The first curious trade of the offseason happened Thursday night.
Why would the Rockies trade catcher Miguel Olivo when they could have retained him by exercising his $2.5 million option?
Why would the Blue Jays trade for Olivo and then pay him a $500,000 buyout when they might need him to replace free agent John Buck?
Start with the Rockies.
Olivo, 32, batted .269/.315/.449 with 14 homers in 394 at-bats for Colorado at-bats last season. He also threw out 40 percent of his attempted base stealers, the second-best rate in the National League.
Such a player, it would seem, is worth at least $2.5 million. But the Rockies recently hired hitting coach Carney Lansford to help revive catcher Chris Iannetta and some of their other young hitters. Olivo informed the club that if he could not play every day, he would rather be somewhere else, according to a major-league source.
The Rockies could have declined Olivo’s option and then offered him arbitration, ensuring that they would have received a draft pick between the first and second rounds if he departed as a Type B free agent.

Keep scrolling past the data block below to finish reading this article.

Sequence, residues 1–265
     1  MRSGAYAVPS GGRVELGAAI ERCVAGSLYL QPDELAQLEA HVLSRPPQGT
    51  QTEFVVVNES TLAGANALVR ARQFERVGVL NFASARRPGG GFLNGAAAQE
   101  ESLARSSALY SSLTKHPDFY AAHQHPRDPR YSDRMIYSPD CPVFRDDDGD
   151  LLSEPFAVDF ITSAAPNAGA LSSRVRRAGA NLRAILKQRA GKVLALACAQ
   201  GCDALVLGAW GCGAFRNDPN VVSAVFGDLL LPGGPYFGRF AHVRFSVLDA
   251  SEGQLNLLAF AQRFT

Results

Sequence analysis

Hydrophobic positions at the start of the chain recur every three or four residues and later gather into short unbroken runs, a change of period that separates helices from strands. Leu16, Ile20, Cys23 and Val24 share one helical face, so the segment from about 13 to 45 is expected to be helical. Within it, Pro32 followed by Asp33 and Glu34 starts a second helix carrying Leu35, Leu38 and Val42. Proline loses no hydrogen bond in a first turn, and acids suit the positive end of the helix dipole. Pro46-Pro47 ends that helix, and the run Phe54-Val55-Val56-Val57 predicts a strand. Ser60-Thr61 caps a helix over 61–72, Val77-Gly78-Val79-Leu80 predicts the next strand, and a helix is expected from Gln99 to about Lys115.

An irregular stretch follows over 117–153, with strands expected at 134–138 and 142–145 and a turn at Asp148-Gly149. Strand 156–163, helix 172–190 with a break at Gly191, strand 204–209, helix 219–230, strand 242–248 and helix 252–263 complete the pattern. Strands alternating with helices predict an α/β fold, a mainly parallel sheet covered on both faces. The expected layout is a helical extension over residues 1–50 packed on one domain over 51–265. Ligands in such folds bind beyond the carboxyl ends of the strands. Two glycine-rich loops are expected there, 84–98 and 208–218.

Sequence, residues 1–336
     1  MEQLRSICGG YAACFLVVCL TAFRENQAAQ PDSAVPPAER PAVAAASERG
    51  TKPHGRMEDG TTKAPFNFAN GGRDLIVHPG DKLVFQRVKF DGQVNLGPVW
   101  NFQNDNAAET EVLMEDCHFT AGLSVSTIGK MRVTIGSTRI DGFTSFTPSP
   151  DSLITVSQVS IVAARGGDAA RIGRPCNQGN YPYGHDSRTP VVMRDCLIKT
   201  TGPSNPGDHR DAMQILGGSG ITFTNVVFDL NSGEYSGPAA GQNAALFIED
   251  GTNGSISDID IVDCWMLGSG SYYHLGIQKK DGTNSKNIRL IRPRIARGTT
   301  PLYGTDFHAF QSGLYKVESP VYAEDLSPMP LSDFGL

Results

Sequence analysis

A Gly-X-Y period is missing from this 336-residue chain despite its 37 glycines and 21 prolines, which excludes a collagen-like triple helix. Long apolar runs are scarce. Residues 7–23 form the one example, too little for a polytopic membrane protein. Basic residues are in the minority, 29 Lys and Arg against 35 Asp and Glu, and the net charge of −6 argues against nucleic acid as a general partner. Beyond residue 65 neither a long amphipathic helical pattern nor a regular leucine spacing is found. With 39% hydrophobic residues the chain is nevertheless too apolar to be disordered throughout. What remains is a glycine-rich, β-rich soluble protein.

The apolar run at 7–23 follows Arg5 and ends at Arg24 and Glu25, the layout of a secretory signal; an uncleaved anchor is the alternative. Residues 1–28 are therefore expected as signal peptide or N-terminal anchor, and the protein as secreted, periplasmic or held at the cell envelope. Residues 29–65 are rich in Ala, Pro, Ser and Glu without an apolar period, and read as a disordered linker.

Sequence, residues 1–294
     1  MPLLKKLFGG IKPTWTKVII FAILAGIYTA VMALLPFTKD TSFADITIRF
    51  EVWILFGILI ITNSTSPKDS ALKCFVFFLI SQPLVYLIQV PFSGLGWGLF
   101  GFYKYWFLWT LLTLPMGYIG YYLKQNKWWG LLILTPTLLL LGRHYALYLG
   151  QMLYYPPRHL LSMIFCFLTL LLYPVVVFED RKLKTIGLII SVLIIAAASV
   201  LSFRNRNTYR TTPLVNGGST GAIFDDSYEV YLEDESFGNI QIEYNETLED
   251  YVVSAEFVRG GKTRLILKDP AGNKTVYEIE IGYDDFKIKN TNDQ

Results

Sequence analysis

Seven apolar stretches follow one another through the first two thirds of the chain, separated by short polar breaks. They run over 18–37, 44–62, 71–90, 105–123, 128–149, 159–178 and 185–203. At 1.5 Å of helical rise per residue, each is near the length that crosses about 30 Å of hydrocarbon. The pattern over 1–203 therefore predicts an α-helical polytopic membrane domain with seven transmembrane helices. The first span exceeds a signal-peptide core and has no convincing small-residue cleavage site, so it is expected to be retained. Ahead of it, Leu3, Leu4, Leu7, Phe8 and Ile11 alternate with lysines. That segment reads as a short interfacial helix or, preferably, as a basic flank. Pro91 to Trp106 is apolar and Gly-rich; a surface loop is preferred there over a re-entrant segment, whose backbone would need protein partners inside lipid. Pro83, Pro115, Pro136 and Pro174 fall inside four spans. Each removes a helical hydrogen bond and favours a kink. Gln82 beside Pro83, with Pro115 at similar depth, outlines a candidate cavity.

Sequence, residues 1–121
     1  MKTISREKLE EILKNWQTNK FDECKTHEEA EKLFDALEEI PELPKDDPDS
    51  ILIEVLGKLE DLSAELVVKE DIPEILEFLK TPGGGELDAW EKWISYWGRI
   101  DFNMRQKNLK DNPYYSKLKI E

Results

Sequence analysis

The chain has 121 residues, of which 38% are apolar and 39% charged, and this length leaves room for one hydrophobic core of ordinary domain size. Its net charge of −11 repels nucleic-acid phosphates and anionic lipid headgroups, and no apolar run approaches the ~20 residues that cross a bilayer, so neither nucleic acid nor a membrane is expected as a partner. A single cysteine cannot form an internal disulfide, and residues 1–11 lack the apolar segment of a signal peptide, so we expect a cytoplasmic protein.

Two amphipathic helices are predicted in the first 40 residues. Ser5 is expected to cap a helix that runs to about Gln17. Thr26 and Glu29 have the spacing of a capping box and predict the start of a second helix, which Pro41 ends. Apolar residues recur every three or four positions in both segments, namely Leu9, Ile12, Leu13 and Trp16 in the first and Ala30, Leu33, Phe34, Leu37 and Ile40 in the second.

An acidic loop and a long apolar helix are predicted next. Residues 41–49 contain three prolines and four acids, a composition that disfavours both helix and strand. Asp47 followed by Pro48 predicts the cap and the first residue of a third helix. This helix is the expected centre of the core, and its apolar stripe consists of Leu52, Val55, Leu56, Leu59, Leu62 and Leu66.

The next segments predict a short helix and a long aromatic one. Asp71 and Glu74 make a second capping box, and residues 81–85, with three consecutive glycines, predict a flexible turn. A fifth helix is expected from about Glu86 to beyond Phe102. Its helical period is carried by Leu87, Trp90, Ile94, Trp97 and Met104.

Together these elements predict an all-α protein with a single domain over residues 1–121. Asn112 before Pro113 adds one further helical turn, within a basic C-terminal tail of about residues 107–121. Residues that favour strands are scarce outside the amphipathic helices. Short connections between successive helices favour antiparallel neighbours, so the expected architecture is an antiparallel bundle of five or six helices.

But the risk in such a strategy is that Olivo might have accepted arbitration and cost the team $4 million or more.
The Blue Jays now inherit that risk.
They will pay the Rockies $25,000 if they decline to offer Olivo arbitration, a source said. If they re-sign Olivo or offer him arbitration, they will send the Rockies a player to be named instead of the money.
The Jays are indeed interested in re-signing Olivo – they pursued him last off-season before signing Buck. But if that happens, they will end up giving up a player for Olivo when they probably could have had him as a free agent without compensation. They also might not get him at a salary as low as $2.5 million – particularly if they offer Olivo arbitration and he accepts.
On the other hand, the Jays cound end up with a top-50 draft pick for Olivo for $525,000 – the $500,000 buyout price plus the $25,000 they would pay the Rockies. They also would need to pay the bonus to the draft pick, but for a team that places high value on young players, that apparently is a price they are willing to meet.
--Ken Rosenthal and Tracy Ringolsby